2:11: And God spoke to the fish so that it spewed Jonah on to the shore.
3:1The word of the Lord came to Jonah a second time, saying, 2 “Get up, go to Nineveh, that great city, and proclaim to it the message that I tell you.” 3 So Jonah set out and went to Nineveh, according to the word of the Lord. Now Nineveh was an exceedingly large city, a three days’ walk across. 4 Jonah began to go into the city, going a day’s walk. And he cried out, “Forty days more, and Nineveh shall be overthrown!” 5 And the people of Nineveh believed God; they proclaimed a fast, and everyone, great and small, put on sackcloth.
6 When the news reached the king of Nineveh, he rose from his throne, removed his robe, covered himself with sackcloth, and sat in ashes. 7 Then he had a proclamation made in Nineveh: “By the decree of the king and his nobles: No human being or animal, no herd or flock, shall taste anything. They shall not feed, nor shall they drink water. 8 Human beings and animals shall be covered with sackcloth, and they shall cry mightily to God. All shall turn from their evil ways and from the violence that is in their hands. 9 Who knows? God may relent and change his mind; he may turn from his fierce anger, so that we do not perish.”
10 When God saw what they did, how they turned from their evil ways, God changed his mind about the calamity that he had said he would bring upon them; and he did not do it.
Readers will wonder what has happened to most of chapter 2. The answer is that the psalm which occupies most of the chapter is a later addition to the book of Jonah by editors who did not understand the humour of the book. The original text simply adds to the comic cuts image of Jonah by having the whale spew him on to the shore. He is not in a very dignified condition but the Lord gives him no respite, repeating his command to go to Niniveh and cry out his judgment.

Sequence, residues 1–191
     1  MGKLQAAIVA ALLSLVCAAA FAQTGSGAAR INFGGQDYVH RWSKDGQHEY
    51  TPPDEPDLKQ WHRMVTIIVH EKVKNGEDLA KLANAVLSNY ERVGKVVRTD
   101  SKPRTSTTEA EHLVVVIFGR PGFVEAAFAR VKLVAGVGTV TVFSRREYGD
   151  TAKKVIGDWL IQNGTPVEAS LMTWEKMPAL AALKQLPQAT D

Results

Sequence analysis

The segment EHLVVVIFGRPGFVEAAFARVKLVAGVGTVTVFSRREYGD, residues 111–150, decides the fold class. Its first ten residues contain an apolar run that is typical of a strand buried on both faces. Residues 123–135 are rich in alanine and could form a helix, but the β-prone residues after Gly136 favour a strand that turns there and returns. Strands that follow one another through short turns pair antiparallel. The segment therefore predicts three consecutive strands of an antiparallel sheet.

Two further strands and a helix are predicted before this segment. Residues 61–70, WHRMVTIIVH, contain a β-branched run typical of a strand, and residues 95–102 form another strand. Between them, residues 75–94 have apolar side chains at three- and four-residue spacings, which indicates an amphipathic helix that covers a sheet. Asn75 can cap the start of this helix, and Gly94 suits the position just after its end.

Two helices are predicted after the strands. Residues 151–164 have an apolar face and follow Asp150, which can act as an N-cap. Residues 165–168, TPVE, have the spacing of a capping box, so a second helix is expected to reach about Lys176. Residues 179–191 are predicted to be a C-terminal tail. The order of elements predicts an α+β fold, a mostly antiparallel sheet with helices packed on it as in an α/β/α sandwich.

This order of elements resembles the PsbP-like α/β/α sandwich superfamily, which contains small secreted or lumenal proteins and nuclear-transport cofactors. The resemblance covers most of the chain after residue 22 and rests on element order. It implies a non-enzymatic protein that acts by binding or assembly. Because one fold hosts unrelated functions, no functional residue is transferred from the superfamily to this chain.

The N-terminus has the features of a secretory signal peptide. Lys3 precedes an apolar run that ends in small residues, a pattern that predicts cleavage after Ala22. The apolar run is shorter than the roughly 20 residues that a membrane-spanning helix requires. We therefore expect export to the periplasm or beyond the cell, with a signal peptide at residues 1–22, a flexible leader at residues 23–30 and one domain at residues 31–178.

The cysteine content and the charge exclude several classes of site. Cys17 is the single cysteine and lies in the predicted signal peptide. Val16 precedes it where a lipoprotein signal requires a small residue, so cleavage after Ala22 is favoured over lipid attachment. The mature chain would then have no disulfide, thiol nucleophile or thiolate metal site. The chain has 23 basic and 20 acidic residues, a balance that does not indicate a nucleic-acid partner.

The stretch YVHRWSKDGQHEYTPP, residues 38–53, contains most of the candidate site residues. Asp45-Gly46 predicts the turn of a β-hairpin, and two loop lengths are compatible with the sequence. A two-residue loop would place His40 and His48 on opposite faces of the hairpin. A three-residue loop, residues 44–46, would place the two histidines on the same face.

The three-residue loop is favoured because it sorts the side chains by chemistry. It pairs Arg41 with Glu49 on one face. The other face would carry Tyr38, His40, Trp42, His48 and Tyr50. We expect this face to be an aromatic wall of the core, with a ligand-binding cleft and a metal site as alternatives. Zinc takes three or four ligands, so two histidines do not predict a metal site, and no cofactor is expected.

When Jonah finally does his job, he finds that his mission is spectacularly successful. The author even depicts the repentance of the great imperial city with comic book exaggeration: the full costume drama of repentance is instigated immediately with even the King sitting on his throne knee-deep in ashes and the animals as well as human beings dressed in sackcloth and commanded to fast!
The humour is meant to point up the folly of not sharing God’s truth with Niniveh, as human beings, indeed living beings are the same everywhere, and capable of responding to God’s truth when it is made available. As in the book of Ruth, the turning point here is that God is the creator and the God of all living creatures, not a tribal God of Israelites.
But this robust humour also exposes, as we shall see, a deeper resentment of Jonah’s at the Lord’s persistent mercy. All it takes is full-hearted repentance and there he goes, cancelling the wholesale destruction which would have been so entertaining to the prophet.
I will follow the story to its denouement in my next blog, but today it’s sufficient to end by noting that apart from the book of Genesis, this is the only book of the Bible to use humour as an important way of communicating its truth. In particular, the New Testament lacks all humour, except that of Jesus, especially in his parables, which may not have been well understood by the gospel authors. There aren’t many laughs in the letters of Paul and others, or in the book of The Revelation.
This is a real lack. The man who called flaky Shimon his rock (Aramaic,Kefas; Greek Petros; English, Peter), and who joked about his disciples having to become like babies, or being born again, deserves followers with the capacity to laugh at themselves. The book of Jonah with its good-humoured mockery of Tea-Party Religion, is a good model for a faith that is serious enough about God not to take its own doctrines and institutions with entire seriousness.